In a Directory Information Tree (DIT), you classify directory service entries into object classes. Typical object classes include person objects, organization objects, and country objects.
When referring to the object class, you use the appropriate abbreviation. For example, CN (common name) represents a person object, O (organization) represents an organization object, and C (country) represents a country object. The object's abbreviation precedes the object's name. So, for example, if the object is a person whose name is J. Smith, the notation is CN=JSmith.
An object class dictates the required and optional attributes for that object. For example, the object class for the person object might require you to include values for the attributes of surname and common name, while it gives you the option of listing values for the attributes of telephone number and email address.
The object class also defines entries' relationships with each other so that you know where they belong in the DIT. For example, as Figure A shows, country objects are in the first layer below the root.
Country objects always take this position because their object class requires that they be located immediately beneath the DIT's root. Similarly, the DIT's second layer is typically organization objects because the object class for organization objects dictates that they be located directly beneath a country object or another organization object.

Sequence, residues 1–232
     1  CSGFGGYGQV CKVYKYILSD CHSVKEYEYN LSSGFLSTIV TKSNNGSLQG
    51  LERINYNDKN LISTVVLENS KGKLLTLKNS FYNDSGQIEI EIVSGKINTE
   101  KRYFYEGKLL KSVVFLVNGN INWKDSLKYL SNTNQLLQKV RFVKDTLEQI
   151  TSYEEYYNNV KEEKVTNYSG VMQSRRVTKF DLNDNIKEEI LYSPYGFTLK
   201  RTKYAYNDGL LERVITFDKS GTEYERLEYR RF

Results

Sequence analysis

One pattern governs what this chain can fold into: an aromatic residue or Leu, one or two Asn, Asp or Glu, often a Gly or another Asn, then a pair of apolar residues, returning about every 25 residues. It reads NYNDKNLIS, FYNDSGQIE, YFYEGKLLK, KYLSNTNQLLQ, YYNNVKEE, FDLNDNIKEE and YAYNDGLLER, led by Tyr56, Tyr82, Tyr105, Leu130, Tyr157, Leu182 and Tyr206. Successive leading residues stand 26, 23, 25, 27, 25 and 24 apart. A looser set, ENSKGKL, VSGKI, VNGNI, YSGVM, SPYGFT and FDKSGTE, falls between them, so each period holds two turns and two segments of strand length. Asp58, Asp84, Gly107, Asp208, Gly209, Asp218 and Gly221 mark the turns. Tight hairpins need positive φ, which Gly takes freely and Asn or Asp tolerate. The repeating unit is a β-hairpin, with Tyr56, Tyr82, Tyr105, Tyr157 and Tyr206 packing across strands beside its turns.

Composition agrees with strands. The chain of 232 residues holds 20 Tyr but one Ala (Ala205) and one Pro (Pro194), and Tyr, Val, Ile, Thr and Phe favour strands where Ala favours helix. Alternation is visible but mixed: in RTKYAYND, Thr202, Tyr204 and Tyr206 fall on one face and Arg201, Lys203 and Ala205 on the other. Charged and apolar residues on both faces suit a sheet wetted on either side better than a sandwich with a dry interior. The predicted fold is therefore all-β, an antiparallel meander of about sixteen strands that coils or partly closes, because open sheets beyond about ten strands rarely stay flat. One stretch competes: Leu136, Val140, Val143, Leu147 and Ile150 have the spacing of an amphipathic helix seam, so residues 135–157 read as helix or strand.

An entry's distinguished name (DN) traces the entry's path in the DIT. You create the DN by listing the class and name of the desired object, followed by the class and name of the object directly above the desired object, and so on, all the way to the root.
For example, the DN for J. Smith is CN=JSmith, O=Sales, C=US. Using this form of notation, you can uniquely identify the user as J. Smith in the US sales office, which distinguishes him from any other users named J. Smith in other organizations or countries.
If your colleagues understand that you are talking about objects located in the US sales organization, you can refer to J. Smith as simply CN=JSmith. This shortened version is called a relative distinguished name (RDN).
The directory service schema define the object classes used to create directory entries. The schema also define the attributes contained in those classes and the syntax for the values of those attributes. If a particular application or service requires a special type of object or an additional attribute for an existing object, you can add new classes to the schema or modify existing classes.